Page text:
LowComDom Performances Presents
Film Review - Big
I've said to many people that I think Penny Marshall is one of the five best directors working today. She has a style of pulling the most out of every page of a screenplay. I think equally highly of Tom Hanks as an actor. His later films have revealed a craftsmanship to his trade rivaled by precious few in Hollywood.
Bring these two masters together, and you have the promise of the Hollywood film fulfilled. Such is the case in Big. The premise of this film is very simple. What if a young boy wished to be a grown-up and it happened?
Big works this scenario from many angles. It looks at how friends and family would deal with the change. It addresses how the young boy deals with the adult world, without finishing the training he would learn during the teenage years.
The best part of Big is how this kid becomes a senior vice president of a toy company by being ... a kid. Many, if not all of us, in the creative fields tend to have held onto some part of our childhood. It's not just a child-like quality; we can be a kid again when we need to. (That includes our ability to throw tantrums when it doesn't go our way.) The kid in us ignores assumed limitations many adults think are brick walls.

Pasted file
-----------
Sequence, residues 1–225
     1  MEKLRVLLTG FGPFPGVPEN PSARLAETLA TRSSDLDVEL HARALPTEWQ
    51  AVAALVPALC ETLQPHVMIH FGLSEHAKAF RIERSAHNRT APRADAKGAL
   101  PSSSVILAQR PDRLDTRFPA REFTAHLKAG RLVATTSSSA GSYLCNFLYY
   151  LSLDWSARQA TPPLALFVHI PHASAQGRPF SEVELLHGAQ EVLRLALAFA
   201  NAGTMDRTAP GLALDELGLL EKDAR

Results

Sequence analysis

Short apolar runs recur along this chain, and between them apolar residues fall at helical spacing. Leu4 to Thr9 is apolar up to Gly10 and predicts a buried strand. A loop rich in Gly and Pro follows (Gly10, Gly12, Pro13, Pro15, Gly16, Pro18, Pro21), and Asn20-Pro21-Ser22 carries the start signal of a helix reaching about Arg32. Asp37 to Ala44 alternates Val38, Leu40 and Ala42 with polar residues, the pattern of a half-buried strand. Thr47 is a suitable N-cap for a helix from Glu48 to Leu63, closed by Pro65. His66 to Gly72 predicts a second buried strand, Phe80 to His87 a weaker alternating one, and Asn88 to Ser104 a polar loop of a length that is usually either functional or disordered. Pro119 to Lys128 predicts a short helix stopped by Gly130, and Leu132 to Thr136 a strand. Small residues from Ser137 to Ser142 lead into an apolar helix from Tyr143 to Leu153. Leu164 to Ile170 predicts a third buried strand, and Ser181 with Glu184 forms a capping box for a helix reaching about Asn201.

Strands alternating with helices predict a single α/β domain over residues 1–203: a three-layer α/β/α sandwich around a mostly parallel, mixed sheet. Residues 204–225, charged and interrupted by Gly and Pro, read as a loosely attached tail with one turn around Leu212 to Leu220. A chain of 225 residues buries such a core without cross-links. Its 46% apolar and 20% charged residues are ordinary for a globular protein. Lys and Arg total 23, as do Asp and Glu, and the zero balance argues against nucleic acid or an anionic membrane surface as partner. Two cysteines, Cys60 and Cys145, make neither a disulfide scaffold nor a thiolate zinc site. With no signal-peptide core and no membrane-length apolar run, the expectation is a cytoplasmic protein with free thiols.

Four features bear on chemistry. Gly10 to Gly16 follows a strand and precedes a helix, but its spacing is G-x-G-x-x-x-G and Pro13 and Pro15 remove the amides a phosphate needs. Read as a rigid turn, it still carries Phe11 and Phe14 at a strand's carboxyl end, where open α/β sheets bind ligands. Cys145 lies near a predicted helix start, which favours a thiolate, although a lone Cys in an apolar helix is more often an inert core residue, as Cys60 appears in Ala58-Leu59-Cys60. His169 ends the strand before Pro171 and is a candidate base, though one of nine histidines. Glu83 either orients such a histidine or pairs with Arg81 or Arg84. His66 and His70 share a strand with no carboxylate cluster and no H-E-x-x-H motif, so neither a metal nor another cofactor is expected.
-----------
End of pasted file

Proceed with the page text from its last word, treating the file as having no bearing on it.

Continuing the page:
The kid in Big asks the questions no adult worried about his career would. "It's a building that turns into a robot? What's fun about that?" His own toy ideas are brilliant because he's making the toys he would want to play with. There's this wonderful one-two punch of "Be Yourself" along with "Be the Child You Were."
Big also points out that although we might want to skip those difficult teenage years, we need to live through them. This is where we make that transition to adulthood. Hopefully, in that transition, we don't lose all of the child.
Directed by Penny Marshall
Released in 1988
MPAA Rating: PG
Reviewed by Mongo